Sampling Procedures for Estimating the Infant Intake of Human Milk Leptin, Adiponectin, Insulin, Glucose, and Total Lipid

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Abstract

Limited attention is given to the efficacy of protocols for the estimation of infant intake of milk components when investigating their impact on infant outcomes. We compared the actual measured intake of human milk components with estimations derived from 15 protocols to determine the most reliable approach for estimating intake of HM leptin, adiponectin, insulin, glucose, and total lipid. Twenty mothers who were 3–5 months postpartum completed a 24 h milk profile study with pre-/post-feed milk samples collection. The true infant intake (control group) based on 24 h milk intake (MI) was compared to estimated infant intakes using concentrations from five sampling protocols that were multiplied by one of true infant MI, considered mean MI (800 mL), or global mean MI (766 mL). The mean measured concentrations of six samples (three sets of pre- and post-feed samples, from morning (06:00–09:00), afternoon (13:00–16:00), and evening (19:00–22:00)) multiplied by the true infant MI, mean considered MI, and global mean MI produced the most accurate estimates of infant intake of these components. Therefore, in the absence of 24 h measurements and sampling, a sampling protocol comprising three sets of pre-/post-feed samples provides the most reliable infant intake estimates of HM leptin, adiponectin, insulin, glucose, and total lipid.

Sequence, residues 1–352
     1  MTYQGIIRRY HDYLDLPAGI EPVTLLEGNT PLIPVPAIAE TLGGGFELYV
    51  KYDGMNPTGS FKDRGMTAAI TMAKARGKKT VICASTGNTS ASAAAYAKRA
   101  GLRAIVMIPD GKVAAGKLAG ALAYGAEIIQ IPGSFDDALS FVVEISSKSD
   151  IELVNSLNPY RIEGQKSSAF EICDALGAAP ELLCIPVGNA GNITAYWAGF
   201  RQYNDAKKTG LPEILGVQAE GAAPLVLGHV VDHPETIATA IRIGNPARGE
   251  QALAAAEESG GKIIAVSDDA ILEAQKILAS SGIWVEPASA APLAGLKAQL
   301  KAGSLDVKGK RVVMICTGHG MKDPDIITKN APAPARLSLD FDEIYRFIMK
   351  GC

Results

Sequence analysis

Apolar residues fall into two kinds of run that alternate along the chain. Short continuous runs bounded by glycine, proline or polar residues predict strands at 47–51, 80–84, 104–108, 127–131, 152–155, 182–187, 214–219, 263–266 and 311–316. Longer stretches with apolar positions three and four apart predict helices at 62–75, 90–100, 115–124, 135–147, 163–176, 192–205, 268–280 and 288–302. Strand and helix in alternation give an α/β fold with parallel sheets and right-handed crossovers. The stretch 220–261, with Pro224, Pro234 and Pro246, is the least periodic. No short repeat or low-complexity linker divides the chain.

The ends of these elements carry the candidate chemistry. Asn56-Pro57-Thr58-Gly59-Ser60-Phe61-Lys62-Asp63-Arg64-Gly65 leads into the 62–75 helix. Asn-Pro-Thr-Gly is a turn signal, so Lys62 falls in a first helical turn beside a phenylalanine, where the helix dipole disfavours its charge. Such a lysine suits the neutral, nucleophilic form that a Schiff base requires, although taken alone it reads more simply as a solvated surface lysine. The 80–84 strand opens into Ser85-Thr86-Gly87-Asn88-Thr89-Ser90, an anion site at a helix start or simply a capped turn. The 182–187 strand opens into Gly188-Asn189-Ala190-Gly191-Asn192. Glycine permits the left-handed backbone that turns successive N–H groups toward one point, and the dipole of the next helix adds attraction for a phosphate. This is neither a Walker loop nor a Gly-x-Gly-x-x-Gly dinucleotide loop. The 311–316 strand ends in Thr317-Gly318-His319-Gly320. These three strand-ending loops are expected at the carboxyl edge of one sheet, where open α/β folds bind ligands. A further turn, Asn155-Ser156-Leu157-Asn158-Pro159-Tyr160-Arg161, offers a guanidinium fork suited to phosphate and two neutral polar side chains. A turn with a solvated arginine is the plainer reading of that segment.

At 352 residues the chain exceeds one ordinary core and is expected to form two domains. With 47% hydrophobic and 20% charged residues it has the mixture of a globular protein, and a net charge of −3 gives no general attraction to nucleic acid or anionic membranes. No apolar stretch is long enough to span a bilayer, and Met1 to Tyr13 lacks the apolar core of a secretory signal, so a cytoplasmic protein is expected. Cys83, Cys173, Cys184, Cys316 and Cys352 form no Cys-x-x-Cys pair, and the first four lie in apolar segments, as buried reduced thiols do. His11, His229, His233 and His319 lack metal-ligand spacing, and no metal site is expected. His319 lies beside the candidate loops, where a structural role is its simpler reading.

Original languageEnglish
Article number331
JournalNutrients
Volume16
Issue number3
Early online date23 Jan 2024
DOIs
Publication statusPublished - Feb 2024

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